An innovative pedagogy that will draw out your students’ imagination, engage them, and motivate literacy learning.
What was the real effect of the radical Tomorrow’s Schools reforms? Has New Zealand’s school system improved as a result? What changes are needed now to meet our expectations of schools?
This is the definitive and compelling story of New Zealand school self management over more than two decades. Cathy Wylie explores the paths taken and the growing tensions of a system that left too much to chance.
- What is vocabulary?
- How is it acquired?
- What does it mean to “know” a word?
- What are the roles of incidental learning and explicit teaching?
These and many other questions are addressed in this literature review.
There are several suggestions for teaching vocabulary leading to independent use of vocabulary strategies. Four key strategies are described:
- phonemic knowledge
- guessing from context
- morphemic analysis
- dictionary use.
Natalie Kirton is a literacy co-ordinator and facilitator with TEAM Solutions at the Faculty of Education, The University of Auckland.
What does being a New Zealander mean in contemporary times? And what does it mean to be a person of mixed Māori/Pākehā descent? How do people identify within this dual heritage? How can they establish a sense of belonging in both ethnic groups? New Zealand today is a hybrid nation, and becoming more so. At least one in ten of us now identifies with more than one ethnic group. This book aims to provide insights and understandings about the challenges, issues, and benefits associated with being of mixed descent.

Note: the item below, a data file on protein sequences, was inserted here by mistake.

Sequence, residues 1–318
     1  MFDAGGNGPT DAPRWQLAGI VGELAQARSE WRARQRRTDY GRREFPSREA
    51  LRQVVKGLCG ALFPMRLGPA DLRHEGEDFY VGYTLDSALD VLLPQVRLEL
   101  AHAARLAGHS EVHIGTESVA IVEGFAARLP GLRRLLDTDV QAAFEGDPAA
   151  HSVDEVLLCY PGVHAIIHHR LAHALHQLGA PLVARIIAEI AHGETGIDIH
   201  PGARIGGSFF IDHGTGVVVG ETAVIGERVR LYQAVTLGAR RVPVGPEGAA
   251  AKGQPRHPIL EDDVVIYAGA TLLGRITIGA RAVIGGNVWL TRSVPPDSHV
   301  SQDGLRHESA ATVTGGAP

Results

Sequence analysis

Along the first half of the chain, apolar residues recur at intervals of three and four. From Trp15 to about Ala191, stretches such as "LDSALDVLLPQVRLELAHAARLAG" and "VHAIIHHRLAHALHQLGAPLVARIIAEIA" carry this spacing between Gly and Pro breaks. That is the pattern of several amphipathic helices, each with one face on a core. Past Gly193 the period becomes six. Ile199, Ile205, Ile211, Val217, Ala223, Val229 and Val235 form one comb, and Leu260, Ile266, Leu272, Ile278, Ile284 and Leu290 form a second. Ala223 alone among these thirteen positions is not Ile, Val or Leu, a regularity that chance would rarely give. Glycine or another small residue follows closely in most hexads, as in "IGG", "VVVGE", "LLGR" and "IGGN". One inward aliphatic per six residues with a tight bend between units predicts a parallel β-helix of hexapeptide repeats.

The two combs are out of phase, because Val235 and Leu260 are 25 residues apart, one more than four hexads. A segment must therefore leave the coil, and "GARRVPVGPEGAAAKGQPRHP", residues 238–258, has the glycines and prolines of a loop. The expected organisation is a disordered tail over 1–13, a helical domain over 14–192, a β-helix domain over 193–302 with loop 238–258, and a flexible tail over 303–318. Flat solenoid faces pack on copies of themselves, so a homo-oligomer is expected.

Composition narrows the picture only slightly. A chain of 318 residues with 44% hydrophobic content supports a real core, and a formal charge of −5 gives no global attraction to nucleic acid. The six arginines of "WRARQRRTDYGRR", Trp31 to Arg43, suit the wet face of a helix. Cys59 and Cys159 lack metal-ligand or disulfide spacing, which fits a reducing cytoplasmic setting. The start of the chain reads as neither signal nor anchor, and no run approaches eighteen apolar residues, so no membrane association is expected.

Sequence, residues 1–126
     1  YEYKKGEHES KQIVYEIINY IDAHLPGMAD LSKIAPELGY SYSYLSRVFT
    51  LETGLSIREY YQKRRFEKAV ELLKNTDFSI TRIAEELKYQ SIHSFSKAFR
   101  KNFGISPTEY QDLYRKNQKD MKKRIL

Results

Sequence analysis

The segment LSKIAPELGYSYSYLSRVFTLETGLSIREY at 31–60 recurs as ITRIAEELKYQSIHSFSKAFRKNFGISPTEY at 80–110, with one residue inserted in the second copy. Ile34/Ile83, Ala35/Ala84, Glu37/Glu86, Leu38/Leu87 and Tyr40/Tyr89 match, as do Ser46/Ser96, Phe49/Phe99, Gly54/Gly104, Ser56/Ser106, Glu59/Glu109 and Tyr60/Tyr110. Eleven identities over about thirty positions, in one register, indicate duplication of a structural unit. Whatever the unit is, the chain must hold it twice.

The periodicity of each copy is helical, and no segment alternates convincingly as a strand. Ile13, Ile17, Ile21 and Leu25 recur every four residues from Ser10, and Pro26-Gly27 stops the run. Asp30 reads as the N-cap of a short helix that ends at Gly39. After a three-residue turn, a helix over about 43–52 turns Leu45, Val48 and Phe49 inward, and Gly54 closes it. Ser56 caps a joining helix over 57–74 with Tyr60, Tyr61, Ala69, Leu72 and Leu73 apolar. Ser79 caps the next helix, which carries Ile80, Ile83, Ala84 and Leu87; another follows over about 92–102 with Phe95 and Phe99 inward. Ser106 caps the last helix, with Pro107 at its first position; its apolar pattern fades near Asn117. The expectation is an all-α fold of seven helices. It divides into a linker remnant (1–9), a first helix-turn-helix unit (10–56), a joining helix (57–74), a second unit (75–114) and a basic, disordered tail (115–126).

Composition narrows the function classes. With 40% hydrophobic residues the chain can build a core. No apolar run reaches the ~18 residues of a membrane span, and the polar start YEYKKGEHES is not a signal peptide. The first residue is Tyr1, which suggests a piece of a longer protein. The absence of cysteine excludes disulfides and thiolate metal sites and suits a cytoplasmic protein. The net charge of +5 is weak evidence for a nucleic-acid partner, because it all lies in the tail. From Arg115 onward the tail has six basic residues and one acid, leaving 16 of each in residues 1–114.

Every school leader and teacher knows that the challenges of change are constant and ongoing. Expectations have risen. Weaving Evidence, Inquiry and Standards to Build Better Schools is based on the authors’ involvement in research and development projects that have successfully accelerated students’ learning and achievement throughout the country. All the authors work closely with schools and know what it takes to tackle the tough problems involved in leading, teaching and learning. The book presents sets of principles and practical suggestions to guide schooling improvement efforts with a useful continuum of progression for use in professional development. Mostly, it will provoke thinking, talking and action by all those engaged in building better schools.
Edited by Joce NuttallThe only volume to bring together New Zealand and international commentary on the history, implementation, and influence of Aotearoa New Zealand’s groundbreaking early childhood curriculum framework. This new edition contains substantial updates of the chapters in the first edition, plus four new chapters: on Pasifika perspectives, working with infants and toddlers, transition to school, and perspectives on play. Authors from New Zealand, Australia, Denmark and the United Kingdom offer their analysis of Te Whariki in ways that will be accessible to student teachers, early childhood educators, academics, and policy makers alike.